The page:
How could such a smart guy be so stupid?
That's what everyone's asking about Nigel Wright, the Prime Minister's former right-hand man.
No doubt that's what Mr. Wright is asking himself right now as he pounds the pavement on those long, lonely predawn runs. Whatever possessed him to write a $90,000 cheque to a senator who was being audited for illegitimate expense claims? Did he actually think no one would find out? Did he consider the consequences if they did? Did he even check to see whether it was legal?
Stephen Harper must be wondering, too. He and his former chief of staff are two peas in a pod – disciplined, focused, laser sharp, and crisply in control. But now, a penny-ante scandal has blown up into a major crisis about abuse of power. And all because Nigel Wright tried to be a good guy.
Mr. Harper promised Canadians a different kind of government – modest, anti-elitist, respectful of the taxpayer's dime. Now it turns out that Conservatives can milk the system just like everybody else. And when they get caught, their buddies in high places will bail them out.
The Conservatives are looking like the kind of people they used to loathe. But that's what happens when outsiders become insiders. People start to feel entitled. They can't resist rewarding their friends. They get used to drinking $16 orange juice and feeling incredibly important. They get a little greedy, or a little venal. And when the orange juice hits the fan, their colleagues go easy on them because, hey, it's just good old Duff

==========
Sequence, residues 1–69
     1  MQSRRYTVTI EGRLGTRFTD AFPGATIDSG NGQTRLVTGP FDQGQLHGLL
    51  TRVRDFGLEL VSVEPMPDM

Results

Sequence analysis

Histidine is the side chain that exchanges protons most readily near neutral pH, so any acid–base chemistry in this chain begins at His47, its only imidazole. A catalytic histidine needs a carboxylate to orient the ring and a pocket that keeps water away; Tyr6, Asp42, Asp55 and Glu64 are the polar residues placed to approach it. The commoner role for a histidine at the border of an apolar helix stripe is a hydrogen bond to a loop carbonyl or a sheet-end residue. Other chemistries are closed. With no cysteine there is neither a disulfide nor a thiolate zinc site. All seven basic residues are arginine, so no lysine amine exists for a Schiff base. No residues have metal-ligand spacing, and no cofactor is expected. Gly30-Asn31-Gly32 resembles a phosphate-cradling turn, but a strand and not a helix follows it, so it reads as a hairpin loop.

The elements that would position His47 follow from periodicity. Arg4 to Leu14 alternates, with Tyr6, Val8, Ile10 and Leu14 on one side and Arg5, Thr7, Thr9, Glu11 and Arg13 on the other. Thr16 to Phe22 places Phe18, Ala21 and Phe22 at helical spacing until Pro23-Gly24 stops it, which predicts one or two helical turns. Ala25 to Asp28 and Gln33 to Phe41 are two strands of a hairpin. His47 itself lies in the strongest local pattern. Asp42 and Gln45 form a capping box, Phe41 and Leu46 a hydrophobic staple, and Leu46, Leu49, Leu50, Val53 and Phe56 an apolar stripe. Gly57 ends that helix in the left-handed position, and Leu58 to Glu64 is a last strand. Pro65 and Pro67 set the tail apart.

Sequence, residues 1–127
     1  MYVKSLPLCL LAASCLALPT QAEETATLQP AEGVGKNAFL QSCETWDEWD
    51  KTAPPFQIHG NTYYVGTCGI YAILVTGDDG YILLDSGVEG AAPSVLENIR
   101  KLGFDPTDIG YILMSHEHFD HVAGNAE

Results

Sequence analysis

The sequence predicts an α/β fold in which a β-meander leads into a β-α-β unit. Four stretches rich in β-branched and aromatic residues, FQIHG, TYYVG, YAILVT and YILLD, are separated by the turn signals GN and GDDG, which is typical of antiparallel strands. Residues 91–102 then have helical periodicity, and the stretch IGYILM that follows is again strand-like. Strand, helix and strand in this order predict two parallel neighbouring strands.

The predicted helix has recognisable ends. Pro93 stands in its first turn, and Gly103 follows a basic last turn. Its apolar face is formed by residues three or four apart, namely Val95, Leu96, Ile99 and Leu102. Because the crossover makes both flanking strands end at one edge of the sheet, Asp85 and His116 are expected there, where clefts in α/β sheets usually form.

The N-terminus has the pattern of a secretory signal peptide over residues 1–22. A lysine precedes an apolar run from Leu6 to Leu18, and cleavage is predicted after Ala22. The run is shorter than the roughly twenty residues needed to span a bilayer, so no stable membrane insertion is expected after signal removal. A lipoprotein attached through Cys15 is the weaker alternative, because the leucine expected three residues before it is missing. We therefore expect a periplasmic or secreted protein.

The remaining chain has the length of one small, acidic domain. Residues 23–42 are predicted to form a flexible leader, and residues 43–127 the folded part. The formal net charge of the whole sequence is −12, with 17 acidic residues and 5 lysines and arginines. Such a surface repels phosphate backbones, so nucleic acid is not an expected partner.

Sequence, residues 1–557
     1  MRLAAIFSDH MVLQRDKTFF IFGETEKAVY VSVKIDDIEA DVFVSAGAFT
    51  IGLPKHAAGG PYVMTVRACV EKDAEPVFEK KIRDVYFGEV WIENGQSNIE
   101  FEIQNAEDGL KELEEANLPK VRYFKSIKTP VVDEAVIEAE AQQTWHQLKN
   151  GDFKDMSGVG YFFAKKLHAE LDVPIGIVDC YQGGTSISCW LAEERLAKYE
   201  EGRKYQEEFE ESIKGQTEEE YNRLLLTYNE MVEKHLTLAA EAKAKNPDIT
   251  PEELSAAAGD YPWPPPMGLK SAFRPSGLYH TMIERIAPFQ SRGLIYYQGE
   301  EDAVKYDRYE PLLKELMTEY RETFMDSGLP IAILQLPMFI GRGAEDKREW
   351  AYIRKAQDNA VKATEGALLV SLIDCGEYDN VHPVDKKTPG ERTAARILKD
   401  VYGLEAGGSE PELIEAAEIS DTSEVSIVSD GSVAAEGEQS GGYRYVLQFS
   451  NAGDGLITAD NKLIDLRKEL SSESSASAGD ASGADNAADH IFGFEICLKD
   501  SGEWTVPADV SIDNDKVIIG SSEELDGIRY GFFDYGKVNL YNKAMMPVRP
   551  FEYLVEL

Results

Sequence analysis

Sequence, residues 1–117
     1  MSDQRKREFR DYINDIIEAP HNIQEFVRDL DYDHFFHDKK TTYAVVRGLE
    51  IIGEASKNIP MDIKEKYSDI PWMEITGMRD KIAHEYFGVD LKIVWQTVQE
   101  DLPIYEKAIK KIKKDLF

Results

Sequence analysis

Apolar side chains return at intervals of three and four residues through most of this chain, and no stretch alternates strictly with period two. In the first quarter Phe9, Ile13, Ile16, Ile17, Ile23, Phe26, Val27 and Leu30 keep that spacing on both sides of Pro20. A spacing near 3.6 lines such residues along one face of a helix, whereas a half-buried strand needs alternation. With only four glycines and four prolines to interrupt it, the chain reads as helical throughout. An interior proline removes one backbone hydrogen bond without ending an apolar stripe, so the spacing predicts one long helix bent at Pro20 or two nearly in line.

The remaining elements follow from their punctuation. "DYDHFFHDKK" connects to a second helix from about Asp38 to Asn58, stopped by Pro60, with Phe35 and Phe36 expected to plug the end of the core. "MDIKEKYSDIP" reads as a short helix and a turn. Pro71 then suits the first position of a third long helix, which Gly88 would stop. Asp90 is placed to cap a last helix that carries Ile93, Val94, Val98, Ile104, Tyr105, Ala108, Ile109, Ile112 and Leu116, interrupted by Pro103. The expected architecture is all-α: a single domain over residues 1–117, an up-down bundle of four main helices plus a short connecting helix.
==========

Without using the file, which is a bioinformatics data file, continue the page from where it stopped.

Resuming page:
How could a well-paid senator with a lucrative former career be so broke? (Just asking.) And why was Mr. Wright so eager to help him out? Was it merely pity, and the hope that a repayment would shut down the audit? Or was it something else? How could Mr. Wright not have informed his boss on such a sensitive political issue – especially a boss with a passion for micromanaging? But I don't think Mr. Harper knew. He would have seen the implications, and stopped it right away.
This story will not end now that Mr. Wright has thrown himself under the bus. Rules and laws may have been bent and broken. Other politicians will probably be found to have taken advantage of a system that seems designed to protect its own. Above all, a lot of people who really did believe in the Conservatives are saying: This isn't right.
What Mr. Wright should have done, back in February, was advise Mr. Harper to throw Old Duff to the wolves – along with anyone else who might have been abusing the public purse. He should have advised Mr. Harper to have every senator audited until their teeth rattled, and to hell with party loyalty.
Mr. Harper knows it's not the cancellation of the long-form census that enrages voters, or his so-called dictatorial style. Those things only matter to the pundits. It's the $16 glass of orange juice. It's the $90,000 get-out-of-trouble-free card. It's the puffed-up politician who claims to live somewhere he doesn't, or the ones who fly around on the people's business and charge a fortune for it. It's people overfeeding at the public trough, then assuming that all they have to do is pay back the money and everything will be okay.
But it's not okay. And everyone knows it.